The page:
We all learn here, no matter what level we're on.

(They walk to UL, after a
complete circular walk, Man 3 is shoved into exit. Man 4
keeps walking, then skips off
UR. He ignores JFK putting up
a hand for one last question.)

JFK:
Be prepared to learn. Okay, I can do that. Wait, this isn't hell, is it? Purgatory maybe. I wasn't that bad. But do we ever really know? I tried … I tried to heal … all wounds. Didn't I?

(walks to another desk and
picks up a paper. Reads
quote slowly, nods until the
last line.)

The things which will destroy a nation...Politics without principle; Pleasure without conscience; Wealth without work; Knowledge without character; Science without humanity; Worship without sacrifice; Business without morality; beauty without intelligence. Oh, that's just ridiculous. You can be pretty without needing a degree. How does that destroy a nation?
(Looks at paper again)
Wow, Gandhi's here, too?

(MAN 3 as priest runs on stage DR, hands covering his collar, as MAN 5 chases him with a scissors. Props are big but fake. They run around once and then off again UL.

JFK watches them run, and
then, arms out, gets a
distressed look on his face.)

Wait! Help me! You're destroying my faith in my religion!

(His hands go up to his own
throat, in a sort of
imitation of when he was
shot.)

I'm feeling … really … funny….

(His fists clench as he grows
angry. SCREAMING with rage,
he looks around, runs to a
chair, picks it up and
prepares to throw it.)

BLACKOUT (We hear a CRASH.)

SCENE II:

AT RISE: (GANDHI stands by his desk DL, making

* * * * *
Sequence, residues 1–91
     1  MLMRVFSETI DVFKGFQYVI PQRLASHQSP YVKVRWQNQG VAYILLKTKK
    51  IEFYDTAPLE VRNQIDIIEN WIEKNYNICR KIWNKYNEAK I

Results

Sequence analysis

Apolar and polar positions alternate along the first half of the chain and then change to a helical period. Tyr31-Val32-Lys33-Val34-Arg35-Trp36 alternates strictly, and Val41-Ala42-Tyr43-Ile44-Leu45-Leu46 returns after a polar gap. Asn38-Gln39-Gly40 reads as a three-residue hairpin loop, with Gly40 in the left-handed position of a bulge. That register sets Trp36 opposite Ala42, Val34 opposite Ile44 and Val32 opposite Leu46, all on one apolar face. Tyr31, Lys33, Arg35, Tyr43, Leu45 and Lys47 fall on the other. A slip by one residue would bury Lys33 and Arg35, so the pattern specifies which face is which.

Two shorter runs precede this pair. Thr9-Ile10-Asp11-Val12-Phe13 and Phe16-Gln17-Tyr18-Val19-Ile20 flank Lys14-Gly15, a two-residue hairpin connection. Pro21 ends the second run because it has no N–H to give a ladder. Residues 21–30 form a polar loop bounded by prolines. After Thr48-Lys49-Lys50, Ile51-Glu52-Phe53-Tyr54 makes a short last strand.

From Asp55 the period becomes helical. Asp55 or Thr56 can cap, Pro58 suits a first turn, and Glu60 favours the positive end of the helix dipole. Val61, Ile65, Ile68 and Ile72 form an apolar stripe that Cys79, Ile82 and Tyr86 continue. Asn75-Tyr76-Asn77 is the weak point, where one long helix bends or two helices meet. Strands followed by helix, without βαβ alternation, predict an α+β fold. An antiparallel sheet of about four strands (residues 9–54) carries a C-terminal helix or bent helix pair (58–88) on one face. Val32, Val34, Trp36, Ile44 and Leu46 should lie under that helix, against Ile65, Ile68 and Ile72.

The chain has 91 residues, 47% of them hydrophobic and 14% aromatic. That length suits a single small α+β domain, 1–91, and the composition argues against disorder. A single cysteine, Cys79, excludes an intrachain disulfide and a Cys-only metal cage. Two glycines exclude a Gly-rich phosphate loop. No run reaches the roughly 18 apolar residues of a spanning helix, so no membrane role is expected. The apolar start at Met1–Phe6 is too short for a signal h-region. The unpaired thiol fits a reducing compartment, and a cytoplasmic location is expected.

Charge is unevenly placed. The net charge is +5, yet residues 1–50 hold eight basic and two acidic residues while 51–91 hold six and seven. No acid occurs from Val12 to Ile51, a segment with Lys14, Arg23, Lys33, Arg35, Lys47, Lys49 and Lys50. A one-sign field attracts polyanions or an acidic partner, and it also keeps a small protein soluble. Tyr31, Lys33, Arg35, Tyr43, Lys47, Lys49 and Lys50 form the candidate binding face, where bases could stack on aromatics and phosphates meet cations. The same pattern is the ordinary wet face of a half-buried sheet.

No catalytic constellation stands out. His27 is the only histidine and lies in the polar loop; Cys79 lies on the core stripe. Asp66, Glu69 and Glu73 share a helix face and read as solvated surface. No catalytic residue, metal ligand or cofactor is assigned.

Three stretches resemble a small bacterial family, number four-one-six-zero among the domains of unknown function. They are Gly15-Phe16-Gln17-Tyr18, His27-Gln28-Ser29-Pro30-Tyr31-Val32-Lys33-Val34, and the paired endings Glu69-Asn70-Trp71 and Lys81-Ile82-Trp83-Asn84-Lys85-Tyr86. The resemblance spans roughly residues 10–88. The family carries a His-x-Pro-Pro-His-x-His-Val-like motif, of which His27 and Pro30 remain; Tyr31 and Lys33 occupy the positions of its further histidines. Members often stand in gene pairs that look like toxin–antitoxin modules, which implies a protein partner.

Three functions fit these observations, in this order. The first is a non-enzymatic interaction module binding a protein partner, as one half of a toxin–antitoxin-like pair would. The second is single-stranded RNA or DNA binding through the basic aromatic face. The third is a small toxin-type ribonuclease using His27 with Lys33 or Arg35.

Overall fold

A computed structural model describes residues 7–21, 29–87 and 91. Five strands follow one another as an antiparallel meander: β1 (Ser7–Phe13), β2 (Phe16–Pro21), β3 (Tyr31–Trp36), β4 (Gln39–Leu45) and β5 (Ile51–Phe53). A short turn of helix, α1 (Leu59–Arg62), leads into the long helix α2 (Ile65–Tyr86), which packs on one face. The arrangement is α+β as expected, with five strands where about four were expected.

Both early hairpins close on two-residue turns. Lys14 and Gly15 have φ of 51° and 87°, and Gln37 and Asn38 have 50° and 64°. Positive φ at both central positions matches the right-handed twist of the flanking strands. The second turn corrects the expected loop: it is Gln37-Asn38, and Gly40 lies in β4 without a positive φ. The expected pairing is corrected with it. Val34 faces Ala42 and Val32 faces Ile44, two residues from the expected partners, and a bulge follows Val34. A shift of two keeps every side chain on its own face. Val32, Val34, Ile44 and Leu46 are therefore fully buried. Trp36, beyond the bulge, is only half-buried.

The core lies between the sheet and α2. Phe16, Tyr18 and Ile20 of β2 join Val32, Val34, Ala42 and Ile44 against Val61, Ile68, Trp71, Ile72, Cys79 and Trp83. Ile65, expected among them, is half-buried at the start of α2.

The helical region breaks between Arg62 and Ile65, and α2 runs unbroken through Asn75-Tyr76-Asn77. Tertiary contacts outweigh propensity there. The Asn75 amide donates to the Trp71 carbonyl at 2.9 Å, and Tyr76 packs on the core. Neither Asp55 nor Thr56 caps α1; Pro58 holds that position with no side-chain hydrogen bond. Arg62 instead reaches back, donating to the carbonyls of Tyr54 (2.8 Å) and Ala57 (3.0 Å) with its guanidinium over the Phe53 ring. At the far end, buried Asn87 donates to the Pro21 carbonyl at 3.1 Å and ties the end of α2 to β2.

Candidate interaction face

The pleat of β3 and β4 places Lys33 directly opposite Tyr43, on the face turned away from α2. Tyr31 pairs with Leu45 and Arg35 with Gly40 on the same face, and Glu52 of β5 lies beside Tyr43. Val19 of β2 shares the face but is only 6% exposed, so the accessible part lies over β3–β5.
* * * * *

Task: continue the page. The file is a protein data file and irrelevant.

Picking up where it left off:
final notes in a notebook. He reads
to himself, looks very satisfied. He
puts the notebook down and walks to
center stage, takes one last look
at the audience.)

(JFK enters UL with a golf
club, swinging it wildly. His
teeth are clenched.

He almost hits Gandhi, but
Gandhi shows no fear.)

JFK:
Stay out of my way, Gandhi! You write that crap on that table?

(Points at the quote he read
earlier.)

GHANDI:
(To Audience)
The end is always beginning.

JFK:
Oh, you think you're so smart.

GHANDI:
No one thinks they are. Just the opposite. But with a project to take to the next life, we have less to fear. I no longer know what landed me here. But that's as it should be. Was I too nice to people? Can death emerge from nicety? I don't know why, but that's my next life's goal.

(Starts to walk UR.)

JFK:
Hey, where are you going? I'm not done with you yet.

(He pounds the golf club on the ground as though beating
someone up. This should be
plastic or rubber.)

(A large GONG sounds. Both look up.)

GHANDI:
Deadline. I made it. I'm expected to save trees this time. People have no gratitude for nature or that without which they would die. Air. Water. Life. Human life wastes too much. While saving trees I … (his mouth moves but we no longer hear him.)

(GHANDI exits UR. Lights
flash and loud APPLAUSE is
heard.)

(MAN 4 and WOMAN 2 enter DL in different costumes. She is holding a hanging rope over him. He is slinking along on his back using his knees. MAN 4 wears a Hitler mustache and gives the audience a horrified look as one arm shoots forward in a Nazi salute.)

JFK:
(following them)
How long I gotta stay here? I got stuff to do. Castro was only going fishing! Hey, they look familiar.

(They ignore him and continue
out UL.

JFK drops the club and
sinks to his knees.)

JFK:
Jackie lost the baby! Where is Patrick!? Is he here?

(WOMAN 3 comes out and stands
staring at him, arms crossed
against her chest. She walks
up to him as he gets on his
hands and knees.)

WOMAN 3:
I had a cocker spaniel with better manners than you. VICTIM!